Recently, a New York court denied a defendant’s motion to suppress incriminating statements but granted his request for a new hearing in a drug and firearms case. The defendant had been indicted and tried for possession of firearms and controlled substances, but he appealed the verdict by saying that his statements to police officers should have been suppressed. The court denied this motion to suppress but did grant the defendant another hearing based on a second argument he made – that the court did not properly consider whether the DNA evidence used against him was properly analyzed. The court thus reversed the verdict and sent the case back down to the lower court for a new trial.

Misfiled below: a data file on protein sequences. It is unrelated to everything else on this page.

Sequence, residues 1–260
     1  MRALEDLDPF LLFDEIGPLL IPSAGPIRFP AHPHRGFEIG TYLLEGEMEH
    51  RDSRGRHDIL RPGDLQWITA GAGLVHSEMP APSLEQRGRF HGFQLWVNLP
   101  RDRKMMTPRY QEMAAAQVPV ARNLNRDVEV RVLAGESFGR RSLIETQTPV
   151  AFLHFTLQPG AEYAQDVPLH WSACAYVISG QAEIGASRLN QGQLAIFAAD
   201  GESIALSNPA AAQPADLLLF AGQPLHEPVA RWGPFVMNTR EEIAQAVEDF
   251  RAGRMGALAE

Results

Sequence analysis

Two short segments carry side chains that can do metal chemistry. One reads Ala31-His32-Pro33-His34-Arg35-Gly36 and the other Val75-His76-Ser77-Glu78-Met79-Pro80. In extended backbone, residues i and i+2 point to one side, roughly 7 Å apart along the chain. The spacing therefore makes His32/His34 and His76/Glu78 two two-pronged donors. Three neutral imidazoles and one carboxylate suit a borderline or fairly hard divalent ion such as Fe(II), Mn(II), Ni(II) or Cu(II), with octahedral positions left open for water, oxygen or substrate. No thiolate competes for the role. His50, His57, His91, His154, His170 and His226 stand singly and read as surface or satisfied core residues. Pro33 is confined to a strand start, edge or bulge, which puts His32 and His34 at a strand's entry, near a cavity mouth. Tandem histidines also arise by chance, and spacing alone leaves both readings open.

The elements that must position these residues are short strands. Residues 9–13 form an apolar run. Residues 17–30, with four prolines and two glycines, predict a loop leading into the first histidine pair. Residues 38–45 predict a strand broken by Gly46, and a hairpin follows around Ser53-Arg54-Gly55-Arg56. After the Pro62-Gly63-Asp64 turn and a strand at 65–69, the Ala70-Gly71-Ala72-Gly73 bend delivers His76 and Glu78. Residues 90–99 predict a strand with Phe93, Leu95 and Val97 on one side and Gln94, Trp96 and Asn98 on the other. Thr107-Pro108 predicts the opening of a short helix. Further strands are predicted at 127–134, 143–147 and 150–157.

Facts of the Case
According to the opinion, police officers in Brooklyn (executing a search warrant they had previously obtained) entered the defendant’s apartment to conduct an investigation. Pursuant to police department policy, the officers handcuffed the defendant upon entry. While inside the apartment, a detective asked the defendant his name, date of birth, address, height, and weight. No Miranda warnings were given prior to this line of questioning. At that point, the defendant stated that his children’s mother was letting him stay in the apartment. He also motioned toward a bed in the living room.
After the defendant left his apartment, the officers found weapons, drugs, and drug paraphernalia in one of the apartment’s back bedrooms. The defendant was later indicted and tried on several counts related to the possession of firearms and controlled substances.